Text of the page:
* Promoting the use of the Post Office's products and services; and
* Building the image of the company.
So far, the project has covered 900 schools with a total of 4 000 learning books having been distributed.
The Post Office introduced a bursary scheme for full-time study. This scheme targets needy students who did well in their matriculation examinations and cannot afford to further their education. The bursary is awarded to students in two categories: children or dependants of Post Office employees and needy students from anywhere in South Africa even if the parents/guardians do not work for the Post Office. The bursary is awarded for the studying in the faculties of IT, Finance, Engineering, Law and Medicine.
The Post Office has made significant progress in terms of the amount of business outsourced to black economic empowerment companies. The percentage of business given to BEE companies has raised form 6.8 per cent to 37.8 per cent, which represents just over R182 million.
Tremendous strides have been made by the Post Office in the implementation of the employment equity as evidenced by the representativity in its Executive Committee. When the current CEO took over, there were 14 whites and 2 blacks in the Executive Committee (then known as the Management Board). Currently there are 14 Blacks and two whites. Four of the EXCO members are women.
The Post Office's third-party services were also expanded and now includes big clients such as Edgars, Metropolitan, Eskom, et cetera. The payment of motor vehicle licences is also another third-party transaction that can be done through the Post Office (but only in KwaZulu-Natal).
The Post Office embarked on an aggressive marketing campaign to address both the efficiencies and focus areas not often spoken about in the public. This saw the launch of the "Where's George" advertisement to address the correct addressing of mail, the Secure Mail advertisement to address the efficiency within the Post Office systems and procedures and the Security advertisement that drove the message of "open mail, go to jail" and zero tolerance to fraud and corruption home real hard, both internally and externally.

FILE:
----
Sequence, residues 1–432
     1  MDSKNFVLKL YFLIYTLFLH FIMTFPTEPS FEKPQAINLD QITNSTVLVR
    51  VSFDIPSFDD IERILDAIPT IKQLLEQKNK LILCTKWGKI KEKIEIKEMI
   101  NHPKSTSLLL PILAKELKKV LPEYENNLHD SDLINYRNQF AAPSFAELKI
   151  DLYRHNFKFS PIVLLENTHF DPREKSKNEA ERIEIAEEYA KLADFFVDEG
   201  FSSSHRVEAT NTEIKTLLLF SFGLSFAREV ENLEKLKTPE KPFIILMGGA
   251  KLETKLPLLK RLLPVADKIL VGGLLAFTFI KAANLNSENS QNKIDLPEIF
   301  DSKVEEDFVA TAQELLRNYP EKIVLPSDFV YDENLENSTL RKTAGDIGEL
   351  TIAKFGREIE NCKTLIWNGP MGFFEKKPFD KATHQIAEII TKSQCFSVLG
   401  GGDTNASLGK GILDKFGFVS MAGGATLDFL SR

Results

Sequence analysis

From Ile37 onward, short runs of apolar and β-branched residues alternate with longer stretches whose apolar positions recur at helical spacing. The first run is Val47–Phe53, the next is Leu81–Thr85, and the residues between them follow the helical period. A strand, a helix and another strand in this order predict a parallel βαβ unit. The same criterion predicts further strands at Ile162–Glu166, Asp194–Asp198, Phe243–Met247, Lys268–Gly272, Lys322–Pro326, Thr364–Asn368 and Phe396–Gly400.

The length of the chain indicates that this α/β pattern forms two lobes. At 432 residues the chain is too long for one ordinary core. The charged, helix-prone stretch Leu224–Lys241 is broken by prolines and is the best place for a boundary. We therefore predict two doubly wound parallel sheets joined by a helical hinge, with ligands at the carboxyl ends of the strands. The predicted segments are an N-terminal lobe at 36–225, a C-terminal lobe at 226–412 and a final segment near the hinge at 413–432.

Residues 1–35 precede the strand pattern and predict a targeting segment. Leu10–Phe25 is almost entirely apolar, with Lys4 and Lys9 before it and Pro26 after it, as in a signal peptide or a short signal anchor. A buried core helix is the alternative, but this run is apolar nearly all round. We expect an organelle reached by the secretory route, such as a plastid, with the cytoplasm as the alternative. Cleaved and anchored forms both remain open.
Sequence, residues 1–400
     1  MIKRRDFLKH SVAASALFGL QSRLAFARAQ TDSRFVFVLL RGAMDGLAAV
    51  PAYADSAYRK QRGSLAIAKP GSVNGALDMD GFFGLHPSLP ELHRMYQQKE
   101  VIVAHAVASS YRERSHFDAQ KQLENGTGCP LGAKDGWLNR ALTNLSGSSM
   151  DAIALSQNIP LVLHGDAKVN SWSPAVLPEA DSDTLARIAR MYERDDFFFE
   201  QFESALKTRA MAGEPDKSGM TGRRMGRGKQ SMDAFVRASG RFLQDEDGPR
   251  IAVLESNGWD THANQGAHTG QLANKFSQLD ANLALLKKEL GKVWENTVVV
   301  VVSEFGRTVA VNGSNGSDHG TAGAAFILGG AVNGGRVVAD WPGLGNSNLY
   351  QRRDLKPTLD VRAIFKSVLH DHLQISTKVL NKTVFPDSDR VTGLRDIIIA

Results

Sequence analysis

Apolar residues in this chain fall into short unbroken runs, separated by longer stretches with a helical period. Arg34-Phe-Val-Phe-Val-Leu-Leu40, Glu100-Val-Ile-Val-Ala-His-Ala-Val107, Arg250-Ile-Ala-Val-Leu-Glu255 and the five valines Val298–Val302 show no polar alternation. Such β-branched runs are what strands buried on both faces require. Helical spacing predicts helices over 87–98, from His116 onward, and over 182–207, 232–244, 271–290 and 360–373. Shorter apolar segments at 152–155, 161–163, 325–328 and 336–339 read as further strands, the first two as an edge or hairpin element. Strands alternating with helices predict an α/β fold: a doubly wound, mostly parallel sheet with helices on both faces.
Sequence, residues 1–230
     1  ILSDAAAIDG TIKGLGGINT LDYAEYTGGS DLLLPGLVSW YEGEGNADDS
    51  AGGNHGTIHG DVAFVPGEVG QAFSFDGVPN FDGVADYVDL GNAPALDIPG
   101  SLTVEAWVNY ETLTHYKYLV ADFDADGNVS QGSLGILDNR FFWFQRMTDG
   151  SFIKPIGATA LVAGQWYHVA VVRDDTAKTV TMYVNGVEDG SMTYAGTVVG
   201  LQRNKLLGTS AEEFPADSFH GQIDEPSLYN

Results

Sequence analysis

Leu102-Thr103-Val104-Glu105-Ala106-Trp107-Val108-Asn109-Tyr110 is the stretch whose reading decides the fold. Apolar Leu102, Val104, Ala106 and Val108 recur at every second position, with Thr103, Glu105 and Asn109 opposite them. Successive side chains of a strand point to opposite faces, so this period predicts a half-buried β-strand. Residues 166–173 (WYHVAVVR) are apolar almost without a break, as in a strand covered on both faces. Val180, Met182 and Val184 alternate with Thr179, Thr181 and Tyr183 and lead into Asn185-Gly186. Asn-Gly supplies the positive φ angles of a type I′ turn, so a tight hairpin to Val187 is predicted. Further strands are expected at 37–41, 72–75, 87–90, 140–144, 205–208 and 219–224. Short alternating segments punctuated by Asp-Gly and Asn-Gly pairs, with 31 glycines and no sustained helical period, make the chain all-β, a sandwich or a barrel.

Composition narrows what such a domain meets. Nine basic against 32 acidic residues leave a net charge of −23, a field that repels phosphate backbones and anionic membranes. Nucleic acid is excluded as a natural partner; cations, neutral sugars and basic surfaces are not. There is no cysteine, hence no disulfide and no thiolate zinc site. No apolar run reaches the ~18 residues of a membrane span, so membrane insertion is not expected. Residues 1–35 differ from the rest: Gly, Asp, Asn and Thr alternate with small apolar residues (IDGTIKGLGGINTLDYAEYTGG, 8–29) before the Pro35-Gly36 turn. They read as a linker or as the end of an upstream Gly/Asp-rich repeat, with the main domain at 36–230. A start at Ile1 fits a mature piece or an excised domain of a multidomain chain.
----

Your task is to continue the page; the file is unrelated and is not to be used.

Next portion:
The Post Office has adopted an attitude of zero tolerance towards crime. Corrupt employees are dealt with irrespective of their position in the company. From April 2002 up to December 2002, 277 employees were dismissed for postal crimes, 13 of these were managers. Currently 10 managers and 72 non-managerial employees are on suspension for postal crime. From April 2002, 59 persons (including members of the public) were arrested for postal crime.
The close working relationship between Security and Investigation Services in the Post Office and SAPS, Scorpions and National Intelligence Services has made a positive impact in the fight against postal crime.
Both an Employee satisfaction and customer satisfaction surveys were conducted for the first time. The Employee Satisfaction Survey was conducted to enquire into the satisfaction levels of employees across the organisation. The sampling process was based on voluntary participation and the overall response rate was 33,6%.
The Customer Satisfaction Survey's objective was to measure the levels of customer satisfaction.
23 000 interviews were conducted, both face-to-face and telephonic and was done across all Business Units having direct contact with external customers.
Various issues were identified through these surveys and will be incorporated into the next year's strategic objectives.